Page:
AULUS MAURITIUS. used before any of the reflective pros 2.7 1801:

nouns, myself, thyself, &c. it excludes

or every other individual not included in Litor of the Monthly Magazine. the reflective representatives introduced

into the sentence. The author, antici. ANHE author of the Stemmata La- pating objections to this meaning of-by, fasoured the as explained in the page referred to, Imus



entered more fully into the subject in the “ Now, if the person alluded to as following paper :

the speaker chootes to anticipate my .Prepositions are merely used to avoid three questions, which questions he has questions likely to be put for the sake of reason to expect I shall put to hiin, in obtuining circumftantial statements. cafe he should leave his statement incom

“ Soine may alk, how came it to pass plete, he may subjoin at once to the iuthat By myjelf, sc. should be used fo as tended fact the three answers I am likely to denote exclujion, in regard to all other to require, and say I fhall go to the individuals not mentioned ? and is it not country, on next Tuesday, with my bropoflibie that it may be used fo as not to ther; or by myjelf (equal to alone). denote exclusion, but ftand for near my- Atier having heard this intended excurself? To answer these queitions, I fion so far circumfianced, I inay take it might content myself with one observa- into my head to alk the quefiion, how? tion,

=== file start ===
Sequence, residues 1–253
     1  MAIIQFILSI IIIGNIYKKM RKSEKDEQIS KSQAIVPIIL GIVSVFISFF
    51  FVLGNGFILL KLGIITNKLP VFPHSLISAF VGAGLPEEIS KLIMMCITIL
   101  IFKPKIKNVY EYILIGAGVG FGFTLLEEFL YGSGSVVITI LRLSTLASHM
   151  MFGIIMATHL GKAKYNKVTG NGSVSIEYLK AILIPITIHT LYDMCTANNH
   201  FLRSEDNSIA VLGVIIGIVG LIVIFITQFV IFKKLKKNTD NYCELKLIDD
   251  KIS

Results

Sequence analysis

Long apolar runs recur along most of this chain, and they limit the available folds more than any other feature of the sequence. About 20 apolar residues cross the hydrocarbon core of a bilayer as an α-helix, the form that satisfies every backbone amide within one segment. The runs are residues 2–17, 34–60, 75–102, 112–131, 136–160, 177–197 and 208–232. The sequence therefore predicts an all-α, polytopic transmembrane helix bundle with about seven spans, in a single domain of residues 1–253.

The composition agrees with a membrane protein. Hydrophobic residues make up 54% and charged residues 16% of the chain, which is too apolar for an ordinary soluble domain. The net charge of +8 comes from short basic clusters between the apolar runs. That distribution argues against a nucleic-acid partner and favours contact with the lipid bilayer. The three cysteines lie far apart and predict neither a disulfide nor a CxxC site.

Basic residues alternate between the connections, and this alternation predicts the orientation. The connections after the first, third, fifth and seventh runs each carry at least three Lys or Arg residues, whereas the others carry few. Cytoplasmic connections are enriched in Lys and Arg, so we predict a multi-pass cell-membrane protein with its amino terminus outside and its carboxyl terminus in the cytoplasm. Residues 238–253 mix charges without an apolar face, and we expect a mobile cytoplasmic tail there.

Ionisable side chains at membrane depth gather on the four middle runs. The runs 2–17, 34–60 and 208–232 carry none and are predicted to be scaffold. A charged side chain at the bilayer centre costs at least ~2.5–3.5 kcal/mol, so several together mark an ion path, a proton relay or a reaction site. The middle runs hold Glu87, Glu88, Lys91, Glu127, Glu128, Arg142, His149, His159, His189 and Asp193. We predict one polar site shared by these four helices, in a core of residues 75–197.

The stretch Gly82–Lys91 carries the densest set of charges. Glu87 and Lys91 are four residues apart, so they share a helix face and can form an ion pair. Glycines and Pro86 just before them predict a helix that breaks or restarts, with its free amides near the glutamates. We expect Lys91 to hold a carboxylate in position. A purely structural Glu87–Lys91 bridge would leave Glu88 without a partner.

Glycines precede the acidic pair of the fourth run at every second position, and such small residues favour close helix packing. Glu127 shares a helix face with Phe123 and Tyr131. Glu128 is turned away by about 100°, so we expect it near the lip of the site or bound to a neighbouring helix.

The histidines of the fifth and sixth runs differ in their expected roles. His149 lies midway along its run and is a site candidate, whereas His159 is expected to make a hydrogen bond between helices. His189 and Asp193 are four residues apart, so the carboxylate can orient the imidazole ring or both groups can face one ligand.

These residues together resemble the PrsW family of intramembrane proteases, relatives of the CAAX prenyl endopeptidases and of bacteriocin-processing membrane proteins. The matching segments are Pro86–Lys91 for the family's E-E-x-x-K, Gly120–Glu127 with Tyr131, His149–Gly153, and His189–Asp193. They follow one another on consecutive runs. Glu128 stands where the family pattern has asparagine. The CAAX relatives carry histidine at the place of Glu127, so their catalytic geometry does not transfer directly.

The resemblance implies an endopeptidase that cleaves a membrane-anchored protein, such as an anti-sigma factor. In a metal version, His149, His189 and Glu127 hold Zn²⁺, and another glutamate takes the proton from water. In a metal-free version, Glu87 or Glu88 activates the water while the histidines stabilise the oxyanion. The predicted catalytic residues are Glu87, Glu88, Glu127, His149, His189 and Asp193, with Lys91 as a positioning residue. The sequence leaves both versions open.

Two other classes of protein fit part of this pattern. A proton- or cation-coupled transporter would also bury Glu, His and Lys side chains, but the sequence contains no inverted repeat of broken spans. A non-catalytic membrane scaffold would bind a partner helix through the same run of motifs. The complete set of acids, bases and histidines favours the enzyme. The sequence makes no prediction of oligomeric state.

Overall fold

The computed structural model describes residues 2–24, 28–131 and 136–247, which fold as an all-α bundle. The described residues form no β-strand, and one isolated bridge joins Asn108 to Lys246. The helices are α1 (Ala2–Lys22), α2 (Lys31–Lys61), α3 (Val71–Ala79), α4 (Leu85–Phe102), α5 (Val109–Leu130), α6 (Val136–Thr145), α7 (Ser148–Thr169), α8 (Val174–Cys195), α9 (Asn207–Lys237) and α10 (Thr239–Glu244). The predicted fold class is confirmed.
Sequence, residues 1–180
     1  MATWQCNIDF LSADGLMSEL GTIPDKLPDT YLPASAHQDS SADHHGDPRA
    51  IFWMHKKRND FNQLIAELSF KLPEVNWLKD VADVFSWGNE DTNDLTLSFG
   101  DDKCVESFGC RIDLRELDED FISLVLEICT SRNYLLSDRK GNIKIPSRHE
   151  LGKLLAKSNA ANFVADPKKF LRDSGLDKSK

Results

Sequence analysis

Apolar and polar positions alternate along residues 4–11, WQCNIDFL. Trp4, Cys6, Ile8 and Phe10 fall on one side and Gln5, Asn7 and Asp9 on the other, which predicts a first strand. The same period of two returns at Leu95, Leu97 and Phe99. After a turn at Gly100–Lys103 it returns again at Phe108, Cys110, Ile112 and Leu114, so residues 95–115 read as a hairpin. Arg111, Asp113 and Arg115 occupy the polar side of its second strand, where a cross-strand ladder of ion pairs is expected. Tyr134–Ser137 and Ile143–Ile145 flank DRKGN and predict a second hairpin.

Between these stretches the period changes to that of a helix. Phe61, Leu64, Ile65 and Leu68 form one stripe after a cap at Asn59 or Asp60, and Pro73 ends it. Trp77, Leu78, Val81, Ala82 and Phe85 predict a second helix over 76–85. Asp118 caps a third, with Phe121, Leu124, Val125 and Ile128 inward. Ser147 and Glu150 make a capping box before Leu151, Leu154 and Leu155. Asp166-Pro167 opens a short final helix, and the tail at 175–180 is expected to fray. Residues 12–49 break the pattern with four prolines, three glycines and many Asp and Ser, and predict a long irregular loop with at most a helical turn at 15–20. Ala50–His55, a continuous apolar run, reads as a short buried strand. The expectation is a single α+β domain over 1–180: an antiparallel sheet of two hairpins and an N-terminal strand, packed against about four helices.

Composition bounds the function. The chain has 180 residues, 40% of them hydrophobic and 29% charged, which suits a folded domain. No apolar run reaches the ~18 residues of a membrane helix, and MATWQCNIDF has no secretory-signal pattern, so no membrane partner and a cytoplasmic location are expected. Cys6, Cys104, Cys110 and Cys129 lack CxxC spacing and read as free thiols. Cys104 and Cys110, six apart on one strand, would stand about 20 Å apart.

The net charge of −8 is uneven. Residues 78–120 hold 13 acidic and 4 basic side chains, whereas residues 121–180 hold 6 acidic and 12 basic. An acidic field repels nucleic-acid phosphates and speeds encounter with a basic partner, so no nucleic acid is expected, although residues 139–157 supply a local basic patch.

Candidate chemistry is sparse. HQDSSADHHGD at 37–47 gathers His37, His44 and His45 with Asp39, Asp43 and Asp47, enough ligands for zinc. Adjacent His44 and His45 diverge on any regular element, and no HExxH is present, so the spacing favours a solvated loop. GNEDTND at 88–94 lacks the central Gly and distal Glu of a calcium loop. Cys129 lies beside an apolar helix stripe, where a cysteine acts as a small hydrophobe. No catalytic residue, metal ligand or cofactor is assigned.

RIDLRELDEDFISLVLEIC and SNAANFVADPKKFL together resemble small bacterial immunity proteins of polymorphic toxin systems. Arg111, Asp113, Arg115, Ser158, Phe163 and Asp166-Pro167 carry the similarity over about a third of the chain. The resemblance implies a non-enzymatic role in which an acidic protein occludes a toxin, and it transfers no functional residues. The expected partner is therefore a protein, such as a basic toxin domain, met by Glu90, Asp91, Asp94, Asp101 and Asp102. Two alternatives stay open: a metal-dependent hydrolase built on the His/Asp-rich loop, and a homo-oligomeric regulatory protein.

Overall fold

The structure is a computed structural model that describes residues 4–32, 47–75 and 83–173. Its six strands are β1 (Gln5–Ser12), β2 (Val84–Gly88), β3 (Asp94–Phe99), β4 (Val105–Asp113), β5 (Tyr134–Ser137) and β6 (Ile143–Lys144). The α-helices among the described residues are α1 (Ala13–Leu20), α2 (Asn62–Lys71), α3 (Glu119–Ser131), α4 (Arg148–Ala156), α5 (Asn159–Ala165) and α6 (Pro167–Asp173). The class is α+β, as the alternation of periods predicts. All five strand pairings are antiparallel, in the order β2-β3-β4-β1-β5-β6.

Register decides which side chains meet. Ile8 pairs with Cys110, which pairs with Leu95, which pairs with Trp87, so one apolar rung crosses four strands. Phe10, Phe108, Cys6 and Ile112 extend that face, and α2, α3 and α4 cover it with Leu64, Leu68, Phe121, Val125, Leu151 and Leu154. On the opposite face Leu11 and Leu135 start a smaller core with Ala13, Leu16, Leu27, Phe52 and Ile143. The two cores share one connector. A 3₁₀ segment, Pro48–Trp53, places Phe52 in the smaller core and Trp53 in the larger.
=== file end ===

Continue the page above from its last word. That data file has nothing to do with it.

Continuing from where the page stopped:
(equal to manner, or name the munner); Every speaker Nould furive to com- and he may reply, on foot, or on horiemunicate his thoughts in a manner at back, &c.; but, about this very circumnonce clear and expeditious; nor is it tance, in regard to the manner, he might necessary when he does this, for us to have faved me the trouble of questioning enquire whether he is actuated or not him: for he might have said at once, I merely by the detire of laving, to the thall go on foot, to the country, on next person whom he addresles, the trouble Tuesday, with my brother; or by myof alking a series of questions concerning jelf.the fact which he states. The truth is, From the illustration which has just that lic fubjoins to the fact he mentions been given, it may be seen that prepothe answer he would make if the quel- 'potitions (as they are called) are generally tions were put, and generally prefixes to used by way of anticipation, in regard each anfier fome word equal to place, to fome queition or other, the asking of time, manner or way, or companion, &c. which it is ivtended to avoid, froni ag according as he has to produce a noun insiard conviction that, putting the te figuifying place, time; manner, &c. But veral questions to which an event might the observation I have jutt made requires give rise, and waiting for the answers, illustrations, in order to remove objec- not only would be so much watted, but tions which may be started to my manner would conliderably interrupt the free and of refolving the by, the passage ad- fall communication of our thoughts; duced as examples for division second of and in so much that the several circumEvenings of Southill.